A hierarchy of metallic engineering would reflect general-use, non ferrous metals as the first rung of the ladder. These materials, predominantly copper and aluminum and their alloys (e.g., brass and bronze), are easily formed and highly serviceable in many natural environments. Next up would be steels and cast irons. These ferrous, iron-carbon-based alloys are the most used metals for general construction. While the first two levels of the hierarchy constitute the bulk of metals usage, they have very little high-temperature capability and corrode in many environments. A broad step over the first two levels is the category of stainless steels. These iron-based metals have major alloying additions of chromium and nickel with other elements being important in some grades. These premium alloys span a wide range of chemistries and properties, serving extensive applications in both consumer durables and capital goods markets.
At the top of the metals hierarchy are the high-alloy materials that are technologically sophisticated in their make-up and manufacture and are specialized in their properties and applications.
These materials are often referred to, either collectively or in subgroups, as high-performance alloys, high-technology alloys, corrosion-resistant alloys, heat-resistant (or high-temperature) alloys and super alloys. They are the elite of metallic engineering materials. They deliver the needed service performance in the most demanding of applications, where other metals fall short. This group of metals can be found at the forefront of mankind’s unending progression in such critical areas as energy production and conservation, aerospace transportation and exploration, efficiency of industrial processes, and protection of the environment.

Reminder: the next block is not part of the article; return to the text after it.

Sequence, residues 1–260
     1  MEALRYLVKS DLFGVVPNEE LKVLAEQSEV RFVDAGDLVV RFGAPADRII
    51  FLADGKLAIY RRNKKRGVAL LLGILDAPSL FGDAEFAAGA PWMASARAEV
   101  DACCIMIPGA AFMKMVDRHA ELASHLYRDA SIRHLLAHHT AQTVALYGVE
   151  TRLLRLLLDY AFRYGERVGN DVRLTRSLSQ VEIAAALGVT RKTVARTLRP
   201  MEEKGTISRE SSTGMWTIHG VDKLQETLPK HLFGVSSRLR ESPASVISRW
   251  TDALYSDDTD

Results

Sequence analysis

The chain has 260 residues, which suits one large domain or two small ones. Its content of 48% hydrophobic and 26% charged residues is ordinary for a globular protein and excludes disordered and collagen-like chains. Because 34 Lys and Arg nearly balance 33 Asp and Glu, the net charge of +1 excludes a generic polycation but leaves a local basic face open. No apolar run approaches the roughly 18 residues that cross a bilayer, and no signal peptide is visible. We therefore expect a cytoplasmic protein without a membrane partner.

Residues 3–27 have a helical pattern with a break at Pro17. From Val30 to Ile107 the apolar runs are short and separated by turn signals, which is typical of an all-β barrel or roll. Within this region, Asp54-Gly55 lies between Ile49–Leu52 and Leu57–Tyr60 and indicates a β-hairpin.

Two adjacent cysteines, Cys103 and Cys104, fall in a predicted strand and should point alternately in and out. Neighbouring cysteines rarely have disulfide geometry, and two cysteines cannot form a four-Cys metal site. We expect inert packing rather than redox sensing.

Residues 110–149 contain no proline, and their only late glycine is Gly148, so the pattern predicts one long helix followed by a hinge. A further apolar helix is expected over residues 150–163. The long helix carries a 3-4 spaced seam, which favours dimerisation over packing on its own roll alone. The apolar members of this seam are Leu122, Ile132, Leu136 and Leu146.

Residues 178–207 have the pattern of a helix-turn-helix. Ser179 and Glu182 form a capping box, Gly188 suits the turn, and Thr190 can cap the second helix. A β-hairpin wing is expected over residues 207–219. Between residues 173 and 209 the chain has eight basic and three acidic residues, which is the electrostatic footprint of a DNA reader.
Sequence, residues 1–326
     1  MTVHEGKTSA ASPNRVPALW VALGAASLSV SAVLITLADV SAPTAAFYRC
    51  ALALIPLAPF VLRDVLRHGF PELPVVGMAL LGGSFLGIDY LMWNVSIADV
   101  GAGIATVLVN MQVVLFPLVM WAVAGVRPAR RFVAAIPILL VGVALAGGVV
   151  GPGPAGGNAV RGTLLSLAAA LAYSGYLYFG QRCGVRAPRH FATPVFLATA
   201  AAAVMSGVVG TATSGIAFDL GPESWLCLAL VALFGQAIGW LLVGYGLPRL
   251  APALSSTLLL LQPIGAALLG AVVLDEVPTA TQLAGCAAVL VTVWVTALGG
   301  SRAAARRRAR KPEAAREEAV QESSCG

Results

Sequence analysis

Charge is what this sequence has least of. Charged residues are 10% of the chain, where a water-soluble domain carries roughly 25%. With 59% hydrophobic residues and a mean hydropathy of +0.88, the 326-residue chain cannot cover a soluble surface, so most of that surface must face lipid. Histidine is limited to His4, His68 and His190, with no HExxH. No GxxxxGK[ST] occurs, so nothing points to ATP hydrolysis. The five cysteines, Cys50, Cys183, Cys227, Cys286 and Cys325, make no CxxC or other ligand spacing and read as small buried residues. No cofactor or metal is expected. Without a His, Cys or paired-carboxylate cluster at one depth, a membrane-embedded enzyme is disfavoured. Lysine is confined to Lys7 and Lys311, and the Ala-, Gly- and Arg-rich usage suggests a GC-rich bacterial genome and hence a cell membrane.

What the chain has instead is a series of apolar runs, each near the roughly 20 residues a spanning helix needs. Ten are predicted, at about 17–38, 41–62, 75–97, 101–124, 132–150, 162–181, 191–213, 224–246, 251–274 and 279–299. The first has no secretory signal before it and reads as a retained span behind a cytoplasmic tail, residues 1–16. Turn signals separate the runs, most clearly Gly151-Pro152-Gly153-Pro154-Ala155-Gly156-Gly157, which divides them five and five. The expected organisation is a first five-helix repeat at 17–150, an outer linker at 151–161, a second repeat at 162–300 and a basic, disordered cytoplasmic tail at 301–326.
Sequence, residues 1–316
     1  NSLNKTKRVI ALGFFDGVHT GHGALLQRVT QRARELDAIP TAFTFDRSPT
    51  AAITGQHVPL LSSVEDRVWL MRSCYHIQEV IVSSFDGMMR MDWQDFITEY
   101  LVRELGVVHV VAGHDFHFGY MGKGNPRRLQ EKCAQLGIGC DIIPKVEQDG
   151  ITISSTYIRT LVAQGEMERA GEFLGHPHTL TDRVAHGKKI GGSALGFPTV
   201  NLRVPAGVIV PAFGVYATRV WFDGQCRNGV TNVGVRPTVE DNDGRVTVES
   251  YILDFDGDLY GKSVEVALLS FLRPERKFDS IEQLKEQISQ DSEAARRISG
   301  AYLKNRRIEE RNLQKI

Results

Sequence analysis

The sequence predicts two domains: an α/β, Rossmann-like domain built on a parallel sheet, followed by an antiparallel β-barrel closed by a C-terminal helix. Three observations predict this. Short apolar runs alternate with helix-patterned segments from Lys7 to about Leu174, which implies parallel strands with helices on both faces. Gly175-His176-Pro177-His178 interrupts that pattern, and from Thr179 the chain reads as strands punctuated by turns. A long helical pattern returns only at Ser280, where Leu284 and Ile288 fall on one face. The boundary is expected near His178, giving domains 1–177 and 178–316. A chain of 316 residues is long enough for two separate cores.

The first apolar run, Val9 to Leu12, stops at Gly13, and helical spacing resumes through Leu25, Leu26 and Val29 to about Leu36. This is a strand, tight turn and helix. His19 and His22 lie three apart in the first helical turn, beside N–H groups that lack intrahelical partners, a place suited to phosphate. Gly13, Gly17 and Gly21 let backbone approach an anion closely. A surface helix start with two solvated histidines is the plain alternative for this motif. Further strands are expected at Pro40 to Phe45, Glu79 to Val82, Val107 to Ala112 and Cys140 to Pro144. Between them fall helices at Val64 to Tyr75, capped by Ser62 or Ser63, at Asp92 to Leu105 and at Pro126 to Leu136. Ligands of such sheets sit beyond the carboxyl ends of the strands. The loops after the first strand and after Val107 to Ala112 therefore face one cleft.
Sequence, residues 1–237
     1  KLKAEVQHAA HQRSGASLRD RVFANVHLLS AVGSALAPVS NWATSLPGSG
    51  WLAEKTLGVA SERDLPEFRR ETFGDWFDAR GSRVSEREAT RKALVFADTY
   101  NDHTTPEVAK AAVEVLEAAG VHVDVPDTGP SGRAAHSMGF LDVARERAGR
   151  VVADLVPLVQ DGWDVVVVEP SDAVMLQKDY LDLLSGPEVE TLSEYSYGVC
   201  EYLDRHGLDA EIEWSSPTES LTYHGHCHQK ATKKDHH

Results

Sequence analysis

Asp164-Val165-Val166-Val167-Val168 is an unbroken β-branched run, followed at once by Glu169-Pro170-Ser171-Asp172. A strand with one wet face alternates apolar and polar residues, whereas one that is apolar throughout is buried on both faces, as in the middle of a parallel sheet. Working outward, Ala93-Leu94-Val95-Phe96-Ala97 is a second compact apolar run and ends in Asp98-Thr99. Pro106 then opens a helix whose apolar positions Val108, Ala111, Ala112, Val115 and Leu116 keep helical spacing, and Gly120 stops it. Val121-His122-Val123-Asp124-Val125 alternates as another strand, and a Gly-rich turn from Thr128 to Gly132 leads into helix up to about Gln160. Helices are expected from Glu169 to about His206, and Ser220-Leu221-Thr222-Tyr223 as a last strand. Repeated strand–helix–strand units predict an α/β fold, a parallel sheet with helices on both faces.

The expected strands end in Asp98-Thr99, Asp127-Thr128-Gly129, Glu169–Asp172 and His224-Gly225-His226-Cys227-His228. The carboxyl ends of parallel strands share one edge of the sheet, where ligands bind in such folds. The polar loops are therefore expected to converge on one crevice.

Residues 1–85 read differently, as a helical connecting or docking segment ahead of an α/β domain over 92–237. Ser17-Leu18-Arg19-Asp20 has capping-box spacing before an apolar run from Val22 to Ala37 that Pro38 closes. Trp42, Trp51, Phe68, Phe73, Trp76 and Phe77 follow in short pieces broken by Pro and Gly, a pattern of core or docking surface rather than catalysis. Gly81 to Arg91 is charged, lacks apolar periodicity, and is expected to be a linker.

These high-performance alloys span a range of chemical compositions. They are often nickel- or cobalt-based and may contain exotic elements such as molybdenum, tungsten, and niobium. Some are as simple as the two-thirds nickel/one-third copper in the original alloy (alloy 400/UNS N04400*) in the category, and some are so some complex that over a dozen elements have specified limits (e.g., alloy 718/UNS NO7718).